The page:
An adage that we all have likely heard before goes: “patience is a virtue”, which truly fits Clettis Stephens. Along with using the Japanese proverb: “fall seven times and stand up eight” (Reynolds, 2011) to describe him, I have the pleasure of introducing our resilient classmate Clettis Stephens who recently allowed me the opportunity to view his stance on his academic self. Through learning more about him, I came to find that he can be a bit too critical towards himself, but this has only served to keep him humble and motivated as he strives to achieve a personal goal whilst refusing to give up for his own and his family’s sakes. Currently in his third semester at GSU majoring in computer science, he has shown he is a persistent individual who treads carefully due to an ongoing fear of failure. This fear, though, serves as a driving force to try his hardest in his third attempt at receiving a college degree.
Clettis comes from “an area where a majority of my family members did not make it to college”. He expanded on that statement by adding “I’m not sure most of them made it out of high school”. Given this explanation, it’s understandable why he carries this fear of failure as it is apparent that he doesn’t want to simply be a statistic along with that majority of his family members he mentioned. With this kind of environment as a foundation in mind, his self-reflected description of his academic self was: nervous, pessimistic, and overworking. However, now at a point in life where he has his own family (a wife and three children), Clettis has made yet another attempt to ensure he has a different outcome from the setting he grew up around despite carrying a negative outlook on his academic self.
In citing his biggest influence on his academic self being his fear of failure, Clettis referred to previous college attempts by saying “I tend to deal with thinking I will have to retake classes halfway through the semester due to not receiving the grades that I would like to have”. However, a fear of failure is not Clettis’ only influence on his academic self. He also cited his wife and kids as also being his largest influence as “they motivate me to do better at everything I do”. During my opportunity to pick his brain I came to realize that while Clettis is rather negative towards himself in self-reflection, his wife and children serve as an even bigger inspiration for him that supersedes his own fears and self-description evidenced by the fact that he has returned to school now three times. He endeavors to be a father who shows his children that nothing is impossible, and that they “can do any and everything you put your mind to as long as you put the work in”.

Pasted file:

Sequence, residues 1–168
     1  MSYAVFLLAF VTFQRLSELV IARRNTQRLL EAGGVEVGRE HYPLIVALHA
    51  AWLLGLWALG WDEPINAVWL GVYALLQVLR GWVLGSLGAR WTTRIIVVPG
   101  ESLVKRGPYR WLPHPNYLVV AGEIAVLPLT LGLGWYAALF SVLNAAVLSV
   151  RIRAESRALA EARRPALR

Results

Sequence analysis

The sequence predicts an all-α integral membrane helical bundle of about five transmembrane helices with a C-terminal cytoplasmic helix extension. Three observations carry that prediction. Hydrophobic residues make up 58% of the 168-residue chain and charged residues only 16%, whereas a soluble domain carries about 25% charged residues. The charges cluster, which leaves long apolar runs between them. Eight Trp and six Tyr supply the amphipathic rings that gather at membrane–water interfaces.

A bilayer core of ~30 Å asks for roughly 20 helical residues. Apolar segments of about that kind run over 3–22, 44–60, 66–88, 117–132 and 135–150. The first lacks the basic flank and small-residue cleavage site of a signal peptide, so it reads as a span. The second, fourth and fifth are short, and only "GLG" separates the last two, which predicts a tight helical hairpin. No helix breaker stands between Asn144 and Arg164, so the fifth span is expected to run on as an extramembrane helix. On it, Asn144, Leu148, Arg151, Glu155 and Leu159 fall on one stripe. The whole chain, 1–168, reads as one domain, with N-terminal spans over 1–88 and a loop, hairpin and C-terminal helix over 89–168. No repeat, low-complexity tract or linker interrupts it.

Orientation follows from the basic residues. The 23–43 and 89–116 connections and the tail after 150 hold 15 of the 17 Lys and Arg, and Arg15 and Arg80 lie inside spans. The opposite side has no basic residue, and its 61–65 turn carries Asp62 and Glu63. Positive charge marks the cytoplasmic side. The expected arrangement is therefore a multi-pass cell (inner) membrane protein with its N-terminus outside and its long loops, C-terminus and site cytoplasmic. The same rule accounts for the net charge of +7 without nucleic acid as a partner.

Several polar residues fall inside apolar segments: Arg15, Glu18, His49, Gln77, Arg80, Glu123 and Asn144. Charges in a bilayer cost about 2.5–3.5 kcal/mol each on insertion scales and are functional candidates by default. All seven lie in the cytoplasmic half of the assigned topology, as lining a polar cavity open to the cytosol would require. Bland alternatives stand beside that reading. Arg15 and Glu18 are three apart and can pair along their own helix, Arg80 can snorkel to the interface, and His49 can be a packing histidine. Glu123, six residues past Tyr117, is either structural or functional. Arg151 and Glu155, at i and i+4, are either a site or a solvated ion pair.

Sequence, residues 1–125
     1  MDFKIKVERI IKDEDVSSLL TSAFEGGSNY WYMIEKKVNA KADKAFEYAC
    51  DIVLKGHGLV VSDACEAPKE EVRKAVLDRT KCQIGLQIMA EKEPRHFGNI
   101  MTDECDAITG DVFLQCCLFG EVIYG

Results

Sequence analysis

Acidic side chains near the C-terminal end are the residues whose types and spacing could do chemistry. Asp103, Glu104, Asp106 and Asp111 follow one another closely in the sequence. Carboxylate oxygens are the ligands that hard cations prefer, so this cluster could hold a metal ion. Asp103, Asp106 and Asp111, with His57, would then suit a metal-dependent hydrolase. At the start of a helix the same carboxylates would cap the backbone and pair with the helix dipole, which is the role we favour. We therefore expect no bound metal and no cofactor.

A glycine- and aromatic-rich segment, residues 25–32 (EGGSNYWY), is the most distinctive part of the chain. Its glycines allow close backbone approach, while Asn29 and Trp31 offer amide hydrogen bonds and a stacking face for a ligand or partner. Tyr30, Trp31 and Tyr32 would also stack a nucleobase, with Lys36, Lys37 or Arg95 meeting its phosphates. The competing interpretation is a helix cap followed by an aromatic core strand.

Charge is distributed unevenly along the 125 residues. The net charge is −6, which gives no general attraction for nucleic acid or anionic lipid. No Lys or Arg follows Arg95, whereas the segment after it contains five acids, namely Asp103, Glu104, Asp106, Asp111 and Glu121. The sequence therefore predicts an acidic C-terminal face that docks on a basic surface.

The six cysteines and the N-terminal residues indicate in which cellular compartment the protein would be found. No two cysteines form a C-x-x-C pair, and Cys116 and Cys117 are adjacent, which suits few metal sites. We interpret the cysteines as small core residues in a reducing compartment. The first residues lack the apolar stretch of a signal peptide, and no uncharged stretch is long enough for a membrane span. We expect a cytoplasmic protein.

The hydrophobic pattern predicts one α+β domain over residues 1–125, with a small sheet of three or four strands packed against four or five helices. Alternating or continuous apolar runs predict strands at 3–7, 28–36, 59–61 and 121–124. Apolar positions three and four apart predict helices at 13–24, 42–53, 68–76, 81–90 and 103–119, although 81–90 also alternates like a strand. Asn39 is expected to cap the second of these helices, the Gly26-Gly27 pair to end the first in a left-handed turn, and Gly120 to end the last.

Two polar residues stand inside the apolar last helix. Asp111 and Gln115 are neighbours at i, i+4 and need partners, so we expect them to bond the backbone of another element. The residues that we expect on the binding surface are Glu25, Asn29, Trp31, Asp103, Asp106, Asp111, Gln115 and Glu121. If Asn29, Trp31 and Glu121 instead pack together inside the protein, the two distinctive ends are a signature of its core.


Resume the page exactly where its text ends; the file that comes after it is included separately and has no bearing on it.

Despite now having his own family to care for, Clettis has given college education another shot in becoming a career corporate systems analyst showing that nothing in life really is ever “too late”. My advice to Clettis is to continue trying your best to organize your time help make you successful, for as Dr. Chew of Samford University states, “You have to commit the time and hard work necessary to succeed” followed by his advice, “You have to recognize that the time you have will limit your likelihood of success” (Samford University, 2011). Clettis has likely accomplished more in his personal life than many of his fellow students at GSU (with many personal/ professional high and low points), but that hasn’t stopped him from trying to complete a degree from a college institution. I found myself relating a lot to Clettis’ self-description, but ultimately felt that he should give himself more credit. I enjoyed my chance to get to know Clettis, and would really enjoy if he gave me more opportunity to learn from him in the future to further develop my own academic self.
Reynolds, G. (2011, March 24). Fall down seven times, get Up eight: The power of japanese resilience. Retrieved February 05, 2021, from https://www.presentationzen.com/presentationzen/2011/03/fall-down-seven-times-get-up-eight-the-power-of-japanese-resilience.html
Samford University. (2011, August 16). How to Get the Most Out of Studying: Part 1 of 5, “Beliefs That Make You Fail… Or Succeed” [Video]. Youtube. Retrieved February 05, 2021, from https://youtu.be/RH95h36NChI